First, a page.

The news is going to be fast and furious today. The GOP death throes of TrumpCare and the unfortunate health crisis for John McCain will be overshadowed by the job security and probable firing or resignation of Jeff Sessions. The big news will be the development of bank records related to Trump's financial dealings are now being looked at by the bevy of lawyers working for the Special Counsel (Robert Mueller). This is getting the panicked attention of #45. The reason being is that the Big Bank that he has been dependent on for financing his Big Deals has been the German Deutsche Bank. Trump has said that he no dealings with the Russians. The experts in money laundering and criminal activity will be finding that the Russians (the gang of oligarchs) and their very dirty money have been using the same bank to funnel their funds into Trump's projects. One can assume that the Russians want a nice return on their investment. This is where the action was going to eventually wind up. The matter of Russians meddling in our election is just the appetizer for the main meal. Speculation is that Trump would really like to fire Mueller, and then have the FBI report directly to him. Interesting times.
Big German Bank, Key to Trump's Finances, Faces New Scrutiny
By BEN PROTESS, JESSICA SILVER-GREENBERG and JESSE DRUCKER JULY 19, 2017
During the presidential campaign, Donald J. Trump pointed to his relationship with Deutsche Bank to counter reports that big banks were skeptical of doing business with him.
After a string of bankruptcies in his casino and hotel businesses in the 1990s, Mr. Trump became somewhat of an outsider on Wall Street, leaving the giant German bank among the few major financial institutions willing to lend him money.
Now that two-decades-long relationship is coming under scrutiny.
Banking regulators are reviewing hundreds of millions of dollars in loans made to Mr. Trump's businesses through Deutsche Bank's private wealth management unit, which caters to an ultrarich clientele, according to three people briefed on the review who were not authorized to speak publicly. The regulators want to know if the loans might expose the bank to heightened risks.
Separately, Deutsche Bank has been in contact with federal investigators about the Trump accounts, according to two people briefed on the matter. And the bank is expecting to eventually have to provide information to Robert S. Mueller III, the special counsel overseeing the federal investigation into the Trump campaign's ties to Russia.
It was not clear what information the bank might ultimately provide. Generally, the bank is seen as central to understanding Mr. Trump's finances since it is the only major financial institution that continues to conduct sizable business with him. Deutsche Bank has also lent money to Jared Kushner, the president's son-in-law and senior adviser, and to his family real estate business.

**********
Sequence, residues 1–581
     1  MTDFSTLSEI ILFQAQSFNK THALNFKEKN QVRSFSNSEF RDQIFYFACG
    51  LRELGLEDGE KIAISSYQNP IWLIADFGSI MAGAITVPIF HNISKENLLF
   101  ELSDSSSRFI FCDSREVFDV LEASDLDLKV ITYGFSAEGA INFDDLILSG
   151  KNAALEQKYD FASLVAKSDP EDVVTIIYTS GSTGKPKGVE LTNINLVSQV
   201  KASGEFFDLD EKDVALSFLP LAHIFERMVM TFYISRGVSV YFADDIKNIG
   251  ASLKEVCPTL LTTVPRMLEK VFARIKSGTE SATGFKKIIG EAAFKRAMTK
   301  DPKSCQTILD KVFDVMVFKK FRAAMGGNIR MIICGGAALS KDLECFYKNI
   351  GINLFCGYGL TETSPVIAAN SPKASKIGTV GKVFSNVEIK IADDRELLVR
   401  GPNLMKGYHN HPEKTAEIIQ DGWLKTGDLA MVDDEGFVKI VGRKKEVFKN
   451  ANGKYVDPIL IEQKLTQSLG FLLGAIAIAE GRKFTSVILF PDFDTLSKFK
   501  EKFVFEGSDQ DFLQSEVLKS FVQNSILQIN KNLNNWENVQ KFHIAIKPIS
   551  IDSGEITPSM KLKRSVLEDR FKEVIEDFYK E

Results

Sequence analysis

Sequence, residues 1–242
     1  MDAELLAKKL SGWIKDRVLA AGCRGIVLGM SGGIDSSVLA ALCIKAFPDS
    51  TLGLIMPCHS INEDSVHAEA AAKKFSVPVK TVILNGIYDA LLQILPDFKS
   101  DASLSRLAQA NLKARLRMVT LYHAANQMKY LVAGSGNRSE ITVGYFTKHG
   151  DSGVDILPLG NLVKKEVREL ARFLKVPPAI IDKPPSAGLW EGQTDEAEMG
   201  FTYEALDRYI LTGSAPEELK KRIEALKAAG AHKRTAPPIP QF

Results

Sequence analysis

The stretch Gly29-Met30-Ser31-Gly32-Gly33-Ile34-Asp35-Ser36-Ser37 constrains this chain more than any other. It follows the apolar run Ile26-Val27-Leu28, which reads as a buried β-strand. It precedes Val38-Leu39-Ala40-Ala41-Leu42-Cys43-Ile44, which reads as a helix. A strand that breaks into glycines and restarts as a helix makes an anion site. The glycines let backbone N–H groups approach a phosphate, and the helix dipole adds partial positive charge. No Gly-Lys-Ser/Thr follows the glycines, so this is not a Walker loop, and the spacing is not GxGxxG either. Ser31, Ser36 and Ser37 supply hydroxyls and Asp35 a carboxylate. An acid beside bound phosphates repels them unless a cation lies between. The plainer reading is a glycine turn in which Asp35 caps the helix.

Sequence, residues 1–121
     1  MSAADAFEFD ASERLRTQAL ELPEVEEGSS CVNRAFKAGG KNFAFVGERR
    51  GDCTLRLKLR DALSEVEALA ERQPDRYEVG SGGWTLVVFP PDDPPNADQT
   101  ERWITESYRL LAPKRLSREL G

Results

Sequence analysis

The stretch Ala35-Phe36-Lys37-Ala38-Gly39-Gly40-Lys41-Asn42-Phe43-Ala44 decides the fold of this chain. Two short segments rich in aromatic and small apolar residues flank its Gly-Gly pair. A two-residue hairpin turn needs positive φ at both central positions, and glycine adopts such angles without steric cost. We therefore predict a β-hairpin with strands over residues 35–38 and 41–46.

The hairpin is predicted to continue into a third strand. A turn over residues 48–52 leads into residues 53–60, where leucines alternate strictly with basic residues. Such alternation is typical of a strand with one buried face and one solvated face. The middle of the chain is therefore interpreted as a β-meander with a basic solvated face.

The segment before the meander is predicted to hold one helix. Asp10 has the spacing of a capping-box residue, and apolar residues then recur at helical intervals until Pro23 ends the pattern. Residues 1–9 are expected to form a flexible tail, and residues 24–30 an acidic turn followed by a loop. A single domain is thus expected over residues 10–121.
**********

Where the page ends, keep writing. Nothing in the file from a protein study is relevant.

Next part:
Although Deutsche Bank recently landed in legal trouble for laundering money for Russian entities — paying more than $600 million in penalties to New York and British regulators — there is no indication of a Russian connection to Mr. Trump's loans or accounts at Deutsche Bank, people briefed on the matter said. The bank, which declined to comment, scrutinizes its accounts for problematic ties as part of so-called "know your customer" banking rules and other requirements.
And with one of its most famous clients headed to the White House, the bank designed a plan for overseeing the accounts of Mr. Trump and Mr. Kushner and presented it to regulators at the New York State Department of Financial Services early this year. The plan essentially called for monitoring the accounts for red flags such as exceptionally favorable loan terms or unusual partners.
Additionally, the New York regulators recently requested information related to the hundreds of millions in loans Deutsche Bank's private wealth management division provided Mr. Trump, one of the people said, paying particular attention to personal guarantees he made to obtain the loans. Those guarantees have declined as the loans were paid down and the property values increased, but it remains a source of interest to the regulators.
While there is no formal investigation of the bank — and personal guarantees are often required when people receive big loans from their wealth managers — the New York regulators have questioned whether the guarantee could create problems for Deutsche Bank should Mr. Trump fail to pay his debts. To collect, the bank would either have to sue the president, or risk being seen as cutting him a special deal.
It is not a hypothetical concern: Mr. Trump sued the bank in 2008 to delay paying back an earlier loan.
Mr. Trump has had a complicated relationship with the bank over the past 20 years, which has included more than $4 billion in loan commitments and potential bond offerings, a majority of which were completed, according to a New York Times review of securities filings and interviews with people with knowledge of the deals. Despite all the risk-taking — and a brief loan default that spurred the 2008 litigation — Mr. Trump's business has made the bank money, the people said.
A spokesman for the New York regulators declined to comment, and the White House did not respond to requests for comment.
A few years after Mr. Trump sued the bank in 2008, he moved his business from the bank's commercial real estate lending division to its private wealth division, where executives were more willing to deal with him, according to the people briefed on the matter.